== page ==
- McDonald's and Chipotle Mexican Grill are seeing customers trade down as inflation pressures budgets.
- The commentary follows Walmart slashing its profit outlook, citing the impact of higher prices on shopping habits.
- Fast-food chains often fare well in economic slowdowns as they can steal business from pricier chains and restaurants.
McDonald's and Chipotle Mexican Grill say customers squeezed by inflation are choosing cheaper menu items and visiting their restaurants less often, signaling trends that could be hitting the broader restaurant industry.
The two companies were among the first restaurant chains to report their second-quarter results. Wingstop, Starbucks and Taco Bell owner Yum Brands are all scheduled to release their earnings reports within the next week.
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Starting around mid-May, Chipotle said on Tuesday that low-income customers were visiting its restaurants less frequently, leading to slowing traffic. Earlier in the day, McDonald's executives also said some low-income customers have been switching to its value menu or opting out of combo meals to save money. But McDonald's executives added that the chain is also benefiting from customers trading down from more expensive full-service or fast-casual restaurants.
The restaurant companies' commentary comes on the heels of Walmart slashing its profit outlook, citing surging prices for food and gas that are squeezing consumers' wallets. Higher prices for necessities have curtailed shoppers' willingness to buy items such as apparel and electronics — or dine out at restaurants and order food delivery.
On average, restaurant menu prices rose 7% in the three months ended May compared with the year-ago period, according to the NPD Group. During the same period, consumers from households with income under $75,000 cut their fast-food visits by 6%, the market research firm said.
Restaurant chief executives, including McDonald's Chris Kempczinski, have pointed to the gap in rising prices for groceries and restaurant meals as an advantage for eateries. Prices for food at home have climbed 12.2% over the last 12 months, while prices for food away from home are up just 7.7%, according to the Bureau of Labor Statistics' consumer price index.
"I don't know what the impact of that is, but certainly we expect that there's some benefit that we're seeing as part of that," Kempczinski told analysts Tuesday during the company's conference call.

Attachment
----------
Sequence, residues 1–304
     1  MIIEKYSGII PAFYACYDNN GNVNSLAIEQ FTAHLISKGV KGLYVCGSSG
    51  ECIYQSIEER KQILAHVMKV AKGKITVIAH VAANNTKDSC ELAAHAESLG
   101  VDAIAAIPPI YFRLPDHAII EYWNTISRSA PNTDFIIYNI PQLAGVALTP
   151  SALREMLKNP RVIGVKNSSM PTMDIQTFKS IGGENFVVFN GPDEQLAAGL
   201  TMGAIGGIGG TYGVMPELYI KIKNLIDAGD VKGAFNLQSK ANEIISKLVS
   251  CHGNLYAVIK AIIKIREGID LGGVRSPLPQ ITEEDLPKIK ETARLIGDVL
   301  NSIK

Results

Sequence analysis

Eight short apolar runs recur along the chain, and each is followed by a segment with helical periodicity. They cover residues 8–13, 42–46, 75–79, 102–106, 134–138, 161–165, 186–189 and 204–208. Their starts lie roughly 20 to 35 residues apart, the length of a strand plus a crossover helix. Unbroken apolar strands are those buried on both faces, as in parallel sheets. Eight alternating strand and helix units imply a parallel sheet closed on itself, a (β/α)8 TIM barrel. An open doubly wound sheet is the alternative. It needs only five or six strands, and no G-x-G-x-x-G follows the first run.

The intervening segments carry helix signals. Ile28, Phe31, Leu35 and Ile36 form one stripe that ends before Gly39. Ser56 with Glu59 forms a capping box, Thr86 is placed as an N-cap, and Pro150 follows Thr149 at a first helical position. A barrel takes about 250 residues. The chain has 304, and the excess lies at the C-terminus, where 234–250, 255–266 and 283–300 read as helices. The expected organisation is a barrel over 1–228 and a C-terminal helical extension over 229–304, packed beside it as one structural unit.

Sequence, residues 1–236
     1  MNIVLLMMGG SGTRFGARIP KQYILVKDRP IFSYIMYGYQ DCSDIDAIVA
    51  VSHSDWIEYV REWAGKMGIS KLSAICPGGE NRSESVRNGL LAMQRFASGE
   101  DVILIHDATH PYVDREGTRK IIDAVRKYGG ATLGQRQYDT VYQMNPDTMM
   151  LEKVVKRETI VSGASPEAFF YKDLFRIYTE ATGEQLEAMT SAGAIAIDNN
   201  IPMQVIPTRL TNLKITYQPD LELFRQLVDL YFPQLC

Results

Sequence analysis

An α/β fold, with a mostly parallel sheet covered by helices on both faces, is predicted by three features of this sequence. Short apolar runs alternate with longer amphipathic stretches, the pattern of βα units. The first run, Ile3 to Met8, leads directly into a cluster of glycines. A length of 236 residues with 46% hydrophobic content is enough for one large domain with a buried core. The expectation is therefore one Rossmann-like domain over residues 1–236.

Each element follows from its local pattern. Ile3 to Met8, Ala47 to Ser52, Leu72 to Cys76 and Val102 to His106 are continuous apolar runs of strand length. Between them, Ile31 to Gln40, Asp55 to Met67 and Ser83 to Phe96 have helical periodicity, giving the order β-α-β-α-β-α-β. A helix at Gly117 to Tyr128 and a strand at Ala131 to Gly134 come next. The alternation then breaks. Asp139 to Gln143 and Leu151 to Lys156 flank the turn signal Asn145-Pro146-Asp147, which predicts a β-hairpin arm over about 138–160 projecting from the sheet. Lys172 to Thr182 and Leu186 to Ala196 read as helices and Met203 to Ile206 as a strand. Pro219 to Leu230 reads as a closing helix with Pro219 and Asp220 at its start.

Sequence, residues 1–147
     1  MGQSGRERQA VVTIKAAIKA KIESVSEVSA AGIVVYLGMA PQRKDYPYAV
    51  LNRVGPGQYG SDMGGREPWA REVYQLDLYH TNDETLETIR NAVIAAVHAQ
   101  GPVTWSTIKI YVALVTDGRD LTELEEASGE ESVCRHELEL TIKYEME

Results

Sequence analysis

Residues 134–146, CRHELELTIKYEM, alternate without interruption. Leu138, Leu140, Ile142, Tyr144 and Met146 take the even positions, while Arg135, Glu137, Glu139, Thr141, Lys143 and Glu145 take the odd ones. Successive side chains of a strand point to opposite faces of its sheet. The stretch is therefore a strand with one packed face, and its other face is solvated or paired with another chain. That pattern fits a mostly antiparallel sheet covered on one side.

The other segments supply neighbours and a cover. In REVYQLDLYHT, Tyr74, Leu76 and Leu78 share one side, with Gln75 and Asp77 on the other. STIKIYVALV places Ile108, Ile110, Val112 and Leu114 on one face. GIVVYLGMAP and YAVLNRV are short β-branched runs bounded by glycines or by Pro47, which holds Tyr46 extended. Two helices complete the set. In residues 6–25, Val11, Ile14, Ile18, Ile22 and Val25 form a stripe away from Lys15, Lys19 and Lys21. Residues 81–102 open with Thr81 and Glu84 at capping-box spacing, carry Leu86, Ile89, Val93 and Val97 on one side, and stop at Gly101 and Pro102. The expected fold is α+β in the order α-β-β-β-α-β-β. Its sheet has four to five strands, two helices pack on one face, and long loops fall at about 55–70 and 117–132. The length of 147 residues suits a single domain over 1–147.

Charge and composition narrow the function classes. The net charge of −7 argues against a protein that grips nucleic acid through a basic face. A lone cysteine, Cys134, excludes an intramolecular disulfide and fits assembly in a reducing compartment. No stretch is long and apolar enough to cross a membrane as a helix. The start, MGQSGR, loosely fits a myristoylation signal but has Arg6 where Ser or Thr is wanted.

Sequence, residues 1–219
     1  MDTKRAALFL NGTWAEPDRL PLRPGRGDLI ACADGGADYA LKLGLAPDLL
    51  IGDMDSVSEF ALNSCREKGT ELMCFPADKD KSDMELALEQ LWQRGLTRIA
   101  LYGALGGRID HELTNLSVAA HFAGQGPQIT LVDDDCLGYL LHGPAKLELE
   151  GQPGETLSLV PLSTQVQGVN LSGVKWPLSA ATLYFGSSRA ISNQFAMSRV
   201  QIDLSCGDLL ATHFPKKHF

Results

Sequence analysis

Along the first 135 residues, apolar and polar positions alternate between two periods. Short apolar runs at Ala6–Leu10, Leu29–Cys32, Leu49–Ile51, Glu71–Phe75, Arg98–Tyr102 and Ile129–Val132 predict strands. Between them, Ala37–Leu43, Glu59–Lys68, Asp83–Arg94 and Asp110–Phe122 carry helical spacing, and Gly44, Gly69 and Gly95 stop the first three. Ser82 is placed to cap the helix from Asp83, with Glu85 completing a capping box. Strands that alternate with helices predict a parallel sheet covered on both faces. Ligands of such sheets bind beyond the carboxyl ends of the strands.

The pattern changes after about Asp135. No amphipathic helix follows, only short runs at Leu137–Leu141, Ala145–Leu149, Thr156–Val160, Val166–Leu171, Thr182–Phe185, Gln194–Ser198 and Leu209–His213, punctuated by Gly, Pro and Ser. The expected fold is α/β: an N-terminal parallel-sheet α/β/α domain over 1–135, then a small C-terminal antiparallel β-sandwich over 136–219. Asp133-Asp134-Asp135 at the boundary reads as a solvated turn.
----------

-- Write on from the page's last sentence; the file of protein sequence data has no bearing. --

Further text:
Historically, fast-food chains have fared well during economic slowdowns as diners shift to cheaper options without skipping out on eating out altogether.
McDonald's is among the best-positioned restaurants to benefit from consumers trading down, according to BMO Capital Markets analyst Andrew Strelzik. Executives touted the chain's value offerings compared with rivals, even as the company and its franchisees raise prices.
As a fast-casual chain, Chipotle says most of its customers aren't as sensitive to pricing.
"The low-income consumer definitely has pulled back their purchase frequency," CEO Brian Niccol said on the company's conference call. "Fortunately for Chipotle, you know, the majority of our customers are a higher household income consumer."
The burrito chain said it is confident it can hike menu prices without scaring off its core customers. It plans to raise prices about 4% in August to cover rising costs for tortillas, avocados and packaging.
Chipotle stock was up 11% in morning trading on Wednesday after the news of another round of price hikes and an earnings beat. Shares of McDonald's were down less than 1% after Deutsche Bank downgraded the stock, citing its valuation relative to its fast-food peers.
By the end of the year, BTIG analyst Peter Saleh, predicts that Chipotle's menu prices will be about 20% higher than they were two years earlier. The chain's competitors have raised prices by similar levels or even higher, according to a survey conducted by the firm.
"The results of our pricing survey indicate that Chipotle still has pricing power that it can lean on to support margins in this inflationary environment," Saleh wrote.
For the second quarter, Chipotle reported same-store sales growth of 10.1%, falling short of Wall Street's expectations of 10.9%. The increase was largely the result of earlier price hikes, which offset a decline in customer traffic.
Some analysts questioned how much more Chipotle could raise prices. Cowen analyst Andrew Charles wrote in a note that the planned hikes this summer could erode traffic further, especially given the uncertain economic environment noted by the company's executives.
— Ian Krietzberg contributed reporting for this story.